- Ley Mboramwe
- Loyiso Mkize
- Mia Darling
- Theko Boshomane
- Amy Lindeque
The winter has arrived once more. Another summer gone and the sighs of the dams, as they feel the rain once more, echo the relief felt by us all. Twenty-five years have now come and passed since the first election of democratic South Africa in 1994 and we have once more cast our votes. Around the world and in South Africa, we become collective in expression through our shared experiences. There is a converse danger, however, of the delusion that comes through sharing in today’s world of social media and our constant ‘online’ status. Filtered, we can present an illusory existence that sets up veiled truths and untruths. In this way, we are in danger of becoming embroiled in a collective delusion of falsehood and living up to unrealistic expectations. To counteract this, there is a need to step away, get out, walk onward. Is there a middle ground that can embrace the productivity of networked associations that allow for strangers to become lifelong friends, the opportunity to learn and challenge through visibility and expressions of difference, and the sinister flipside of disillusionment and isolation?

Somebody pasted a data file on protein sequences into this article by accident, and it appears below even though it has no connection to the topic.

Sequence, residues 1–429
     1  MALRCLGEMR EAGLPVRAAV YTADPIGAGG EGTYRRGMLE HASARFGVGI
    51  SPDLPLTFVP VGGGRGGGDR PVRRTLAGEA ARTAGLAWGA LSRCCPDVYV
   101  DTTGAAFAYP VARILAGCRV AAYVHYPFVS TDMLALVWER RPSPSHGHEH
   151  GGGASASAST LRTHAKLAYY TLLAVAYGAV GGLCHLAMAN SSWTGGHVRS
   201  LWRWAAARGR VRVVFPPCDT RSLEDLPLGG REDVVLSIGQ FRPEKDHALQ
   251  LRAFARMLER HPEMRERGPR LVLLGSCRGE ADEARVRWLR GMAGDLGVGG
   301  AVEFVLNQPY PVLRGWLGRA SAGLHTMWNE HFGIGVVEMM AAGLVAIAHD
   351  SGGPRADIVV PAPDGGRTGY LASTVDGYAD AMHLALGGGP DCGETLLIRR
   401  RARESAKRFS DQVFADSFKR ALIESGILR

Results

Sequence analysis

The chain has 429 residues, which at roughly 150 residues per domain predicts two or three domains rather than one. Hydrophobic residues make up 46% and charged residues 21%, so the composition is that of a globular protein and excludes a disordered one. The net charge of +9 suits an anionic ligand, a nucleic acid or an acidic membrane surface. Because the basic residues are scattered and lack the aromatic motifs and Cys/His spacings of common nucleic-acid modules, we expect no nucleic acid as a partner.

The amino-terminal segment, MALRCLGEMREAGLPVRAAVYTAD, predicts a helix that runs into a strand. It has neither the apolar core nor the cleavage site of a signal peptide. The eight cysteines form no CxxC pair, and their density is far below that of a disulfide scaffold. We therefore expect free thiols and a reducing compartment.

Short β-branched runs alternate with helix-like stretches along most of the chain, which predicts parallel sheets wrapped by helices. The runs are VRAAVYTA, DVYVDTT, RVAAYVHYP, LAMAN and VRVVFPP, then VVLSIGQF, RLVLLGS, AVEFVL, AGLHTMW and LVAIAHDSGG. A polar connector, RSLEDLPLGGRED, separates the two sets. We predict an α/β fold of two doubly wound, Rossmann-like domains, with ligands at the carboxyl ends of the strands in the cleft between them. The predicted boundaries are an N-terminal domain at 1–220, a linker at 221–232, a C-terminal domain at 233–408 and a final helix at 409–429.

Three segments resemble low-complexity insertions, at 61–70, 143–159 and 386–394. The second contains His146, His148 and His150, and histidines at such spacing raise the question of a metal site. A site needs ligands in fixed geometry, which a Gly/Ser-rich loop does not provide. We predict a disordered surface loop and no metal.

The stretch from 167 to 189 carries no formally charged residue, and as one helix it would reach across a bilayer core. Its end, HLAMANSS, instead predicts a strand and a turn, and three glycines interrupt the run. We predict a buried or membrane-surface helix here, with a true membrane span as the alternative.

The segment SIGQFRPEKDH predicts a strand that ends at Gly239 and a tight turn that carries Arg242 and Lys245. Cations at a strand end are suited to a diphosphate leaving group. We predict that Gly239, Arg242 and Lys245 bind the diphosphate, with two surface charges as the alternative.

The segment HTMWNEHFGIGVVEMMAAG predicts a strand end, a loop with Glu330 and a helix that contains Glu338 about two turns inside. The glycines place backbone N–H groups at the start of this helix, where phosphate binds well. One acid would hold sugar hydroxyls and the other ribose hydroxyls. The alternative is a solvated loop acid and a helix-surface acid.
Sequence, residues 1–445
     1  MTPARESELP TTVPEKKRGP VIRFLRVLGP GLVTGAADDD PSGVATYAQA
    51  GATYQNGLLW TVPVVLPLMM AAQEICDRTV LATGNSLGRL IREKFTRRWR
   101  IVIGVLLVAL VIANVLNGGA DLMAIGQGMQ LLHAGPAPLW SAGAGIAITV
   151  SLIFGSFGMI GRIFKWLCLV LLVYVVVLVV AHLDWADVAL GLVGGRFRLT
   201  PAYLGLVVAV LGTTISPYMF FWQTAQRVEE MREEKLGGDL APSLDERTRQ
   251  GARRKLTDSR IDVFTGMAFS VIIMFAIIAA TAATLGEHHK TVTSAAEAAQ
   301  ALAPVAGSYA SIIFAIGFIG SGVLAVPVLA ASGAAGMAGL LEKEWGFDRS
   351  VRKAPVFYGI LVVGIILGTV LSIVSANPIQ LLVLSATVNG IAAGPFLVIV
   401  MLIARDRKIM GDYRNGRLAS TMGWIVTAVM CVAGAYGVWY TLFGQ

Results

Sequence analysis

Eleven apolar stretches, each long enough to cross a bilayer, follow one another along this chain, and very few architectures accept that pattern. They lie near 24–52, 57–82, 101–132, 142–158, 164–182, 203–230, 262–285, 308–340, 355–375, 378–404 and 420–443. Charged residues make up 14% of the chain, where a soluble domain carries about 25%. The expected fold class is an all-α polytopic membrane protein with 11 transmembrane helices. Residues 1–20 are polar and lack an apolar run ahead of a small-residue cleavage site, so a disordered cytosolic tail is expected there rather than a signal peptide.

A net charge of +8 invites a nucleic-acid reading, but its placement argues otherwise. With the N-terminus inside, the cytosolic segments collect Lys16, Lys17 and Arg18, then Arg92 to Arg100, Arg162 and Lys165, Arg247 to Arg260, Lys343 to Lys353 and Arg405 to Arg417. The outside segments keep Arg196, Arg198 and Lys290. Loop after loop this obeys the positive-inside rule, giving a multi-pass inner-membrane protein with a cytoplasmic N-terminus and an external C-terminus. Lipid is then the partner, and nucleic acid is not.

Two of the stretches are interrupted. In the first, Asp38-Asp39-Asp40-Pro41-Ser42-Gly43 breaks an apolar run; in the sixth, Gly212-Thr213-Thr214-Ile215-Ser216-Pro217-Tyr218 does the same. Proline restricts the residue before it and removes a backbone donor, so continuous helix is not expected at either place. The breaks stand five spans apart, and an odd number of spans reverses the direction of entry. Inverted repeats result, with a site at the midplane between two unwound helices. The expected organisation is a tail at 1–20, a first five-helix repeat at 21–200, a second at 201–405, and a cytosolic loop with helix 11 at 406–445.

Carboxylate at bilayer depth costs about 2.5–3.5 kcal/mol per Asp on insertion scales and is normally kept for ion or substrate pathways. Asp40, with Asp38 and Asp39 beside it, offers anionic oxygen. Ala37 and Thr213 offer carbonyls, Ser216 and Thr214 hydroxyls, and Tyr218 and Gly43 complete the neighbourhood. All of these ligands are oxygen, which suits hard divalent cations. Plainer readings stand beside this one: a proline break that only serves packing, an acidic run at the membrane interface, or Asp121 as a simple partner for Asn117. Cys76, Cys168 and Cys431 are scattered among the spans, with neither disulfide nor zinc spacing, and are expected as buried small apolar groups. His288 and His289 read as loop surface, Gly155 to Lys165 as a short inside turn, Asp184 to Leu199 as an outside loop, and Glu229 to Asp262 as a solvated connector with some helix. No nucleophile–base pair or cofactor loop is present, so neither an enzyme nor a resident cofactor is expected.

Through art – making and viewing, sharing and experiencing – a space for expression and exploration can exist. Ley Mboramwe’s paintings are filled with frenetic energy and sensory colours that move and excite, transporting the viewer to new contexts. Loyiso Mkize’s evocative re-presentations reimagine our contexts, our dreams and our existence as entities that can weave narratives together. The work by Mia Darling engages the potentials of playfulness and the uncanny; by riffing off what we recognise across her pastel palette, she subverts our assumptions to be sure we’re paying attention. Theko Boshomane’s creations push our understanding of embodiment and how we might relate to each other as beings. This exhibition asks for us to take time to evaluate and take stock of what is taken for granted through delusion. However, the works also envelope us, transporting us into an alternate realm of engagement where we can collectively imagine along with the artists.
Twenty-five years on from 1994, we must continue to strive for equality, empowerment and empathy. By acknowledging the delusions that we face, collectively we can push for truth, despite the vastness and variety of our individual experiences.